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15

So, first let me say that this is probably the most thoroughly researched question I've read so far. Congratulations. I'll be reusing some of David's comments. The hashing algorithm takes the csname as an array of bytes (probably some differences there for XeTeX and LuaTeX, let me focus on 8-bit engines) and computes the sum of csname[i]*2^(len-i) % prime ...


12

The respective TeX code is @<Compute the hash code |h|@>= h:=buffer[j]; for k:=j+1 to j+l-1 do begin h:=h+h+buffer[k]; while h>=hash_prime do h:=h-hash_prime; end So basically each digit gets mapped to some 2^k mod p. Prefixes and postfixes don't actually make the hashing worse, but the somewhat peculiar structure of the hash table means ...


11

Load the hyperref package first, and then set the PDF document properties using \hypersetup: \documentclass{article} \usepackage{hyperref}% http://ctan.org/pkg/hyperref \newcommand{\authors}[1]{ {\renewcommand{\and}{\unskip, }\hypersetup{pdfauthor={#1}}} \author{#1} } \title{My title} \authors{John Doe \and Dark Vador \and Yoda} \begin{document} ...


11

Yes, LaTeX is a good tool to produce such documents. Especially the moderncv class is very nice for resumes. Adding URLs is not a problem in LaTeX. However, there is a certain learning curve involved and it might take you a little while to get your first complex document in the form you want. Nowadays there many editor and tools like latexmk that will help ...


10

The 'classical' way to store values with a key is to use a csname-based approach \def\addvalue#1#2{\expandafter\gdef\csname my@data@#1\endcsname{#2}} \def\usevalue#1{\csname my@data@#1\endcsname} To allow arbitrary material in the key, you can use e-TeX's \detokenize, and also add a test for undefined values if you wish ...


9

For the special case, there is also a cheap solution. \and can be redfined for hyperref's pdfauthor: \documentclass{article} \usepackage{hyperref} \pdfstringdefDisableCommands{\def\and{, }} \newcommand*{\authors}[1]{% \hypersetup{pdfauthor={#1}}% \author{#1}% } \title{Test document} \authors{John Doe\and Dark Vador\and Yoda}% without space before ...


9

The short-term answer is: use token lists nested in a sequence. \RequirePackage{expl3} \ExplSyntaxOn \seq_new:N \l_lines_seq \cs_new:Npn \jb_wrap:n #1 { \exp_not:n { {#1} } } \seq_clear:N \l_lines_seq \seq_set_split:Nnn \l_tmpa_seq { \\ } { a & b \\ c & d } \seq_map_inline:Nn \l_tmpa_seq { \seq_set_split:Nnn \l_tmpb_seq { & } {#1} % use ...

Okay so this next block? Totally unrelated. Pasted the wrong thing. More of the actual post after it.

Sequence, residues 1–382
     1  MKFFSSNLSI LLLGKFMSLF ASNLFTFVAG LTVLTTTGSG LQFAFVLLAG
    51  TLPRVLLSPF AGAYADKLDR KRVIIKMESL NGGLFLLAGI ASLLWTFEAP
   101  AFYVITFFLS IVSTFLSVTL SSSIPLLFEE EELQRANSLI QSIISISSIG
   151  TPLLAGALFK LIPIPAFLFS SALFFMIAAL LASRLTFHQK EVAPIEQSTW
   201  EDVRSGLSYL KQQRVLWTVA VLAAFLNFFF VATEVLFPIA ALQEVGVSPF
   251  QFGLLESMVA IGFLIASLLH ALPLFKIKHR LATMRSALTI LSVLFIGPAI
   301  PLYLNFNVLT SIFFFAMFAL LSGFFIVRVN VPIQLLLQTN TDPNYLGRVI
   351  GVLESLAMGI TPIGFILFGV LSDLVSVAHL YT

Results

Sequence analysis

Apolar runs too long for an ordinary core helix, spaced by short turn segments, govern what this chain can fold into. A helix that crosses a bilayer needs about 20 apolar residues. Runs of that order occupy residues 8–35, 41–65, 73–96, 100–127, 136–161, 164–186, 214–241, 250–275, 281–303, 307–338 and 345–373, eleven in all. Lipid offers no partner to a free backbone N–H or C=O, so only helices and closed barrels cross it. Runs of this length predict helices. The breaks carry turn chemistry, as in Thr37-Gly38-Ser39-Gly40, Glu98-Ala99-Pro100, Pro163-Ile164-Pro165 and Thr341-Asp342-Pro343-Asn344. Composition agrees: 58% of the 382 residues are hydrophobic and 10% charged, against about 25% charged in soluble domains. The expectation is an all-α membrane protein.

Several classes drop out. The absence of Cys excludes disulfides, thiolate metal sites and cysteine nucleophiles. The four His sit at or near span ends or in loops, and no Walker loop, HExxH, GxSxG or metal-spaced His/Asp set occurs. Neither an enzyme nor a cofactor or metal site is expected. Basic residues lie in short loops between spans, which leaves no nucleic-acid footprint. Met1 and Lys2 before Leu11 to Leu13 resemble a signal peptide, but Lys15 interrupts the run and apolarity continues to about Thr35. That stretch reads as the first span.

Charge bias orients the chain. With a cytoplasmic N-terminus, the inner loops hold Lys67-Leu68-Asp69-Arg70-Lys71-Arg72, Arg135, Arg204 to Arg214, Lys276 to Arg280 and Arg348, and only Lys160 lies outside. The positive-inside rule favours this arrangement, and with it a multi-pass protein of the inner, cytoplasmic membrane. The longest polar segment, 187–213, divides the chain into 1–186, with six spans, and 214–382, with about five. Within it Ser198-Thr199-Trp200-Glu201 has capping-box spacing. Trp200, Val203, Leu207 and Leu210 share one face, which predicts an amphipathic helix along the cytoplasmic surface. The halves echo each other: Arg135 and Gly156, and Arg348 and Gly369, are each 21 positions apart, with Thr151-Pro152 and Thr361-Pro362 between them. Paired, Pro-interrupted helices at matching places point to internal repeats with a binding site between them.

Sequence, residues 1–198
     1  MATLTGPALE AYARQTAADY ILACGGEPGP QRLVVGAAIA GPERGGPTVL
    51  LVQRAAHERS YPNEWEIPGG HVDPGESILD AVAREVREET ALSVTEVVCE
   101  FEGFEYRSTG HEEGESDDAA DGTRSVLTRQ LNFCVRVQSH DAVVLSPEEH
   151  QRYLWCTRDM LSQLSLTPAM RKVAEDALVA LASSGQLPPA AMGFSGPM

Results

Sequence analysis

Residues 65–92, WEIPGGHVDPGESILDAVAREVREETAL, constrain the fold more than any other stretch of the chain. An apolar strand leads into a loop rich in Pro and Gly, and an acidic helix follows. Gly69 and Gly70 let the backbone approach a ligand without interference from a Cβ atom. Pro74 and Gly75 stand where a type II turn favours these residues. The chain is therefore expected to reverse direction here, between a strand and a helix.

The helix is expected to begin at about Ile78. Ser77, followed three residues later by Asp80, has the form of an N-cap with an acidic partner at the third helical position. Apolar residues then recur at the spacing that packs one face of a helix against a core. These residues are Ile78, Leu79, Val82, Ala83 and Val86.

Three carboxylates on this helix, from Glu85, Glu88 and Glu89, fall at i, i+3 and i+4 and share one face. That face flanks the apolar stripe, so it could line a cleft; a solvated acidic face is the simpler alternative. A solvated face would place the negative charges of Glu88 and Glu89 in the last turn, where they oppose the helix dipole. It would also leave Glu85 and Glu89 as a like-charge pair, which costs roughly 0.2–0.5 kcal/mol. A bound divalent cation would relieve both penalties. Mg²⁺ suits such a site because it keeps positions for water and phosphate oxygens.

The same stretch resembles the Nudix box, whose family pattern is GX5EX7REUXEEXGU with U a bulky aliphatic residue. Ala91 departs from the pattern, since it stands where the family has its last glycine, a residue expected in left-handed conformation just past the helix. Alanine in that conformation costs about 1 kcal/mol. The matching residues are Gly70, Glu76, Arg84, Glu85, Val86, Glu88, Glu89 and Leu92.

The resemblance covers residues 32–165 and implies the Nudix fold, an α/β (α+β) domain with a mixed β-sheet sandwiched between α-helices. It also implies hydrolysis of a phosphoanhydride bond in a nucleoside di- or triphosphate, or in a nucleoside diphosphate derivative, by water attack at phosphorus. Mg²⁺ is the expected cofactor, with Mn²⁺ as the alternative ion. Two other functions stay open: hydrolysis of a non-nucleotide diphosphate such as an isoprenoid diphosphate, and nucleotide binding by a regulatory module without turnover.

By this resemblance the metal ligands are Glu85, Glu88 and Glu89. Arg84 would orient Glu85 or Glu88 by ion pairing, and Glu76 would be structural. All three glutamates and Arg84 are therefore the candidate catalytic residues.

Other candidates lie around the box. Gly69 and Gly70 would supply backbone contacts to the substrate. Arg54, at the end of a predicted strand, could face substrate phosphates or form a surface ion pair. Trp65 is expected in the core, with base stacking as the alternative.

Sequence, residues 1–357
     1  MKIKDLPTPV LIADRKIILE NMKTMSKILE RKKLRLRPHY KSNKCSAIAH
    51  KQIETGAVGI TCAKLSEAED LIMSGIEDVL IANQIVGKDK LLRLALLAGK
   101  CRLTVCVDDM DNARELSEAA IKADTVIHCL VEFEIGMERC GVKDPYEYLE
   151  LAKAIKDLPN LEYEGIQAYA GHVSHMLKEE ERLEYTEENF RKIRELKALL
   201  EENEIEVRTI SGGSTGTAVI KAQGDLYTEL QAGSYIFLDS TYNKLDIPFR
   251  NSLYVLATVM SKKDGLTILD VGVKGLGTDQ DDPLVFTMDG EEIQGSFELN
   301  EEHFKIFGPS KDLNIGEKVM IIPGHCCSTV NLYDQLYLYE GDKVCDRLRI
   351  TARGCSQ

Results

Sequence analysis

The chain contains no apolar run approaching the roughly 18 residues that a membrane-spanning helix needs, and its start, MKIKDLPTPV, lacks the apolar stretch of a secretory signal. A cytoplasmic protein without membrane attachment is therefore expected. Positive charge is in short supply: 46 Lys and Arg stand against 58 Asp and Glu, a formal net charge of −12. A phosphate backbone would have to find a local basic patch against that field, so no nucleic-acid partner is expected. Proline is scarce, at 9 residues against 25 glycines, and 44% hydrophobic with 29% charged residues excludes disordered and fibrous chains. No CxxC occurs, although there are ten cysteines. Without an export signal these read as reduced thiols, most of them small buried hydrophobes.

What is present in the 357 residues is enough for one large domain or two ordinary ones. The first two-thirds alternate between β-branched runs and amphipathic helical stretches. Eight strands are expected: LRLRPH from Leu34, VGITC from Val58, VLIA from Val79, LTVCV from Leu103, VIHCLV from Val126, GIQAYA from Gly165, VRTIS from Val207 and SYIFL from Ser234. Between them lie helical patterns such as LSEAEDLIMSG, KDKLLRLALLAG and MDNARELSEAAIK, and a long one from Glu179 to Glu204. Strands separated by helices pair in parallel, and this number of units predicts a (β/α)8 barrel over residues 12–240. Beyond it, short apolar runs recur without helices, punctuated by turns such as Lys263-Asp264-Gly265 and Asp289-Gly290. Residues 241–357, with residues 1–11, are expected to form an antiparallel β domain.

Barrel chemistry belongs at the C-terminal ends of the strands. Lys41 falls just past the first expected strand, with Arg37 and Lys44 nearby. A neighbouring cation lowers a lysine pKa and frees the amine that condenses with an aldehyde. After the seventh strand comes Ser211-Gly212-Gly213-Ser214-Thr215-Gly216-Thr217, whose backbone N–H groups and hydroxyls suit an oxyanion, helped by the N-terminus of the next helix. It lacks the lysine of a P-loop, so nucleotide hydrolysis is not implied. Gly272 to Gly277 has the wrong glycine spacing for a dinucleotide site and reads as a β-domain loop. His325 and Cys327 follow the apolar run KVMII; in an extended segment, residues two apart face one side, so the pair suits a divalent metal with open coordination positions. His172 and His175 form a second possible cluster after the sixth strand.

8

You have several unprotected end of lines, which count as spaces. Some of those I added are not really relevant, but it's good practice to add them. \def\newdict #1{% \expandafter\edef\csname #1 \endcsname{#1}% \expandafter\def\csname #1.set \endcsname##1##2{% <-- Important \expandafter\def\csname #1.##1\endcsname{##2}% }% ...


8

Basic Solution: Without more details it is difficult to know if something as simple as this will work for you: You call \myfirstauthor{Kenobi}{General}{1138}, and then to access each member you simply refer to \myfirstauthorName, \myfirstauthorRank, and \myfirstauthorSerialNum: \documentclass{article} \newcommand{\myfirstauthor}[3]{% ...


7

You can also use the pgfkeys library for a slightly different approach, using a key value system, which is designed as a tree structure. First you define a family, \pgfkeys{/combo/.is family} and then the keys, \pgfkeys{/combo left/.store in=\left@c, left/.default=0, right/.store in=\right@c ...} You can set default values: ...


7

Here is a generalized solution similar to Python's tuples in six lines of TeX code. \documentclass{article} \makeatletter \def\tuple#1=(#2 #3 #4){% \expandafter\def\csname#1@1\endcsname{#2} \expandafter\def\csname#1@2\endcsname{#3} \expandafter\def\csname#1@3\endcsname{#4} } \def\xtuple#1#2{% \csname#1@#2\endcsname } \makeatother ...


7

The way that sequences are implemented means that at that level they can be nested (the nested sequences will be distinct from the outer one). However, what is not available is an interface to store or recover the whole of a sequence. \seq_get:NN \l_my_main_seq \l_tmpa_tl % Available \seq_set:NV \l_my_daughter_seq \l_tmpa_tl % Not available. Similarly, ...


7

Well, I guess I can help. :-) Code \documentclass{scrartcl} \usepackage{tikz} \usetikzlibrary{shapes,arrows,calc} \newcommand{\data}{data \nodepart{second} \phantom{null}} \tikzstyle{ptr} = [draw, -latex'] \tikzstyle{head} = [rectangle, draw, text height=3mm, text width=3mm, text centered, node distance=3cm, inner sep=0pt] \tikzstyle{data} = [rectangle ...


5

The real application is almost trivial with xparse and expl3. \documentclass{article} \usepackage{xparse} \usepackage{hyperref} \ExplSyntaxOn \NewDocumentCommand{\authors}{O{,}m} { \legat_authors:nn { #1 } { #2 } } \seq_new:N \g_legat_authors_seq \cs_new_protected:Npn \legat_authors:nn #1 #2 { \seq_gset_split:Nnn \g_legat_authors_seq { #1 } { #2 } ...


5